There are many levels of substance abuse and many kinds of drugs, some of them readily accepted by society.Legal Substances
Legal substances, approved by law for sale over the counter or by doctor's prescription, include caffeine, alcoholic beverages (see alcoholism), nicotine (see smoking), and inhalants (nail polish, glue, inhalers, gasoline). Prescription drugs such as tranquilizers, amphetamines, benzodiazepines, barbiturates, steroids, and analgesics can be knowingly or unknowingly overprescribed or otherwise used improperly. In many cases, new drugs prescribed in good conscience by physicians turn out to be a problem later. For example, diazepam (Valium) was widely prescribed in the 1960s and 70s before its potential for serious addiction was realized. In the 1990s, sales of fluoxetine (Prozac) helped create a $3 billion antidepressant market in the United States, leading many people to criticize what they saw as the creation of a legal drug culture that discouraged people from learning other ways to deal with their problems. At the same time, readily available but largely unregulated herbal medicines have grown in popularity; many of these are psychoactive to some degree, raising questions of quality and safety. Prescription drugs are regulated by the Food and Drug Administration and the Drug Enforcement Administration.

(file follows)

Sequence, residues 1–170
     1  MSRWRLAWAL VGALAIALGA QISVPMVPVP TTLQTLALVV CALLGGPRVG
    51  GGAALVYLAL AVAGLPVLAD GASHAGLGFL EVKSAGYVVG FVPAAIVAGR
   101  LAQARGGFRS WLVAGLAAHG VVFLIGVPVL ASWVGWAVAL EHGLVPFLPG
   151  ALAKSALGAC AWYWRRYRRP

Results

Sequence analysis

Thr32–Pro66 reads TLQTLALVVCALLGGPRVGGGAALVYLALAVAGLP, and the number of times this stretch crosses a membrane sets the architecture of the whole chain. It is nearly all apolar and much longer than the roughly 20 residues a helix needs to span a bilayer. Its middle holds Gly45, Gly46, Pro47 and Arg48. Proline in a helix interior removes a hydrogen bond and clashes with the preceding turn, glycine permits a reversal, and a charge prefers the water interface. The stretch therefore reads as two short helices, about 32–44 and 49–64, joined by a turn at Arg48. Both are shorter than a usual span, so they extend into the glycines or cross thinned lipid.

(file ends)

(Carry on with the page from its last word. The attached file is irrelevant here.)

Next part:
Prescription drugs are considered illegal when diverted from proper use. Some people shop until they find a doctor who freely writes prescriptions; supplies are sometimes stolen from laboratories, clinics, or hospitals. Morphine, a strictly controlled opiate, and synthetic opiates, such as fentanyl, are most often abused by people in the medical professions, who have easier access to these drugs. Other illegal substances include cocaine and crack, marijuana and hashish, heroin, hallucinogenic drugs such as LSD, PCP (phencycline or "angel dust"), "designer drugs" such as MDMA (Ecstasy), and "party drugs" such as GHB (gamma hydroxybutyrate).
The Columbia Electronic Encyclopedia, 6th ed. Copyright © 2012, Columbia University Press. All rights reserved.